Wall Street Journal's Scores

For 539 reviews, this publication has graded:
  • 64% higher than the average critic
  • 3% same as the average critic
  • 33% lower than the average critic
On average, this publication grades 4.3 points higher than other critics. (0-100 point scale)
Average TV Show review score: 69
Highest review score: 100 Sherlock: Season 3
Lowest review score: 10 Prime Suspect: Season 1
Score distribution:
  1. Mixed: 0 out of 387
  2. Negative: 0 out of 387
387 tv reviews
  1. Another preposterous television premise perhaps, but one that may be comforting to viewers looking for gentle escape with dash of uplift and hope.
    • 64 Metascore
    • 70 Critic Score
    [Has an] intimate, ensemble feel, without grandstanding or fussiness or mugginess. It keeps the four feeling like good company for a half-hour. [4 Aug 2005]
    • Wall Street Journal
  2. Terra Nova stakes out its own universe, and the fact that we have been on such journeys before may enhance the experience of this one.
  3. An elaborate mystery is always compelling, and here, episode after episode, we search for clues, for some sign that will let us distinguish between reality and imagination.
    • 58 Metascore
    • 70 Critic Score
    The series ... is graced by a quirky charm that brings to mind such classic shows as "The Rockford Files" and "Magnum. P.I." [24 Jul 2000]
    • Wall Street Journal
  4. It's Mr. Sutherland's portrayal of the father--unyielding in his effort to break through to his mute child and grasp what he's trying to say with his numbers--that is the heart of this story, the power likely to sustain this promising enterprise.
  5. As familiar as this tableau may be, Hell on Wheels finds enough beauty, danger and emotion to make some part of every episode seem fresh and worth waiting for.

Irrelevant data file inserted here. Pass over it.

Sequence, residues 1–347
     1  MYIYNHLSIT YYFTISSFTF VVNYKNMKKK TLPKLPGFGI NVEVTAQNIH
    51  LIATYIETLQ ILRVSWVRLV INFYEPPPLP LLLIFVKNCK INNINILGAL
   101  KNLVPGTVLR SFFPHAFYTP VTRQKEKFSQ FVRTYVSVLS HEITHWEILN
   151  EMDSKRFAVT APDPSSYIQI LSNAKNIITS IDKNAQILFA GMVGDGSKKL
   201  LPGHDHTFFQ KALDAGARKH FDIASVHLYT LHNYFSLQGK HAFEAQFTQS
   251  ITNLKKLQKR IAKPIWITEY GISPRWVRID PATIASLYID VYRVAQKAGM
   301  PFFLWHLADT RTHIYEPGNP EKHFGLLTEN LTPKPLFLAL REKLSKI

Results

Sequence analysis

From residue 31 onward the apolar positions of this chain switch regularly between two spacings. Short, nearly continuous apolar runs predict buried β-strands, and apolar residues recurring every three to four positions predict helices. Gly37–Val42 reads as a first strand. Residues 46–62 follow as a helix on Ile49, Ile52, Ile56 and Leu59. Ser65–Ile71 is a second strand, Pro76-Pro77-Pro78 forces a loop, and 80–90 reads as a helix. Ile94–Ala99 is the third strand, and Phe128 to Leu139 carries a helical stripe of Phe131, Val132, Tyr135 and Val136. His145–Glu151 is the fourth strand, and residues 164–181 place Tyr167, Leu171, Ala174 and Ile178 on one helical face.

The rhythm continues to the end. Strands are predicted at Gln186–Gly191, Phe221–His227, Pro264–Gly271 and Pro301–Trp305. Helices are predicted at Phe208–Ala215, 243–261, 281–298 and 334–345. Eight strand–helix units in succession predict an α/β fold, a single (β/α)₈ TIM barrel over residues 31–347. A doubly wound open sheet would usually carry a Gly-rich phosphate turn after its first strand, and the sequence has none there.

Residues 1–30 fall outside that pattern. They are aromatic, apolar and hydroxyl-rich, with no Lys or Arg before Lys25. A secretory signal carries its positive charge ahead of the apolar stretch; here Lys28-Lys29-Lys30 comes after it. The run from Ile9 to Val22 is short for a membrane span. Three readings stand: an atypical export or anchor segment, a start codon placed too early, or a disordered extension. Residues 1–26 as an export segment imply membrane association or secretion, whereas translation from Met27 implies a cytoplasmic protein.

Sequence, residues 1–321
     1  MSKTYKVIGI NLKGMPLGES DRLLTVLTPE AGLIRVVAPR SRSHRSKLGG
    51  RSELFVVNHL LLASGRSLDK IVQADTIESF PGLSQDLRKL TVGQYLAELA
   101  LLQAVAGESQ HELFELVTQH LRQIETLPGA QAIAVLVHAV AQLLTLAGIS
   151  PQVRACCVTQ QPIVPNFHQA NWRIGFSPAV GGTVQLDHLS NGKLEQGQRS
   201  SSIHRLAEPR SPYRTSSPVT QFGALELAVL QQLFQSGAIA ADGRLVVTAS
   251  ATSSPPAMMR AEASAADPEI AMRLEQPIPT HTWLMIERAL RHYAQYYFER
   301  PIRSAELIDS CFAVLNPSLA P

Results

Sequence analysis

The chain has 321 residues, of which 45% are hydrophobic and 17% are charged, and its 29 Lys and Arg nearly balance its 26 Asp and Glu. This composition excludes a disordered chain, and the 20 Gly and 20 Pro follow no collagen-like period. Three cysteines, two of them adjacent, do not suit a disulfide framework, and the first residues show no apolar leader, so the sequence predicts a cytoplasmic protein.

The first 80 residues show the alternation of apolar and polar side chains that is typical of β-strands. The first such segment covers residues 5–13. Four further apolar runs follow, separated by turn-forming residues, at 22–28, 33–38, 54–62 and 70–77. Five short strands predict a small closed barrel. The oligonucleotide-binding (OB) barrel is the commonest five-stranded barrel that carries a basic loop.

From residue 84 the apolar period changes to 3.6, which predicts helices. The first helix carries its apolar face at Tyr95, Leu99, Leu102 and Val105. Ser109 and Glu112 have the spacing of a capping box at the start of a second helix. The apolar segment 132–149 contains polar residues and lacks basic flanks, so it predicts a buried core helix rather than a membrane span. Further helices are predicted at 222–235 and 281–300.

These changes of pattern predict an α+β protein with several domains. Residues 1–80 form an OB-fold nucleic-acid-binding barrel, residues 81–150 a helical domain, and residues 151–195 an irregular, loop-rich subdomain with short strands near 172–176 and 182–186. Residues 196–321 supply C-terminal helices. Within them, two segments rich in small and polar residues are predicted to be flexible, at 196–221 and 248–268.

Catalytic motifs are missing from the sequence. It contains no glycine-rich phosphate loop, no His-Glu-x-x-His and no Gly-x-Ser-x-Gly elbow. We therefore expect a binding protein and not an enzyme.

6. Mr. Connelly is one of the writers and executive producers, along with co-executive producer Eric Overmyer of “The Wire” and much other fame. They know good writing, with not a word wasted. They know cop lore and lingo and what turns viewers on about the genre. There’s a solid cast. The rest... who knows? It just happens.
  7. When all is said and done, none of these back stories is as inspiring as what happens when these people open their mouths and just sing.
  8. Nobody here offers shattering insights into the meaning of life or even of modeling. They're just among a large group of attractive women telling stories to the camera.
  9. [The Renaissance and Leonardo] bring moments of transcendent beauty to the series, which was written by David S. Goyer, and is laced with aha moments of glorious invention and the scent of mysticism. The line between mystery and bafflement is a thin one, though, and at times it is impossible to tell what's going on or who's who in the flickering torchlight. There is also a distraction, at least initially, in the portrayal of Leonardo--who comes across as a weird amalgam of Peter Pan, MacGyver and a Chippendale.
  10. Inquiring minds who liked "Lost," or "The 4400" and "The Event" will find much to feast on.
  11. The breakthroughs described in National Geographic Channel’s ambitious six-part series aren’t all equal in promise or tone.
  12. The case involves a body found in a wood and the mysteries of a Lewis Carroll manuscript, all of it strangely satisfying in its own familiar, unsuspenseful way.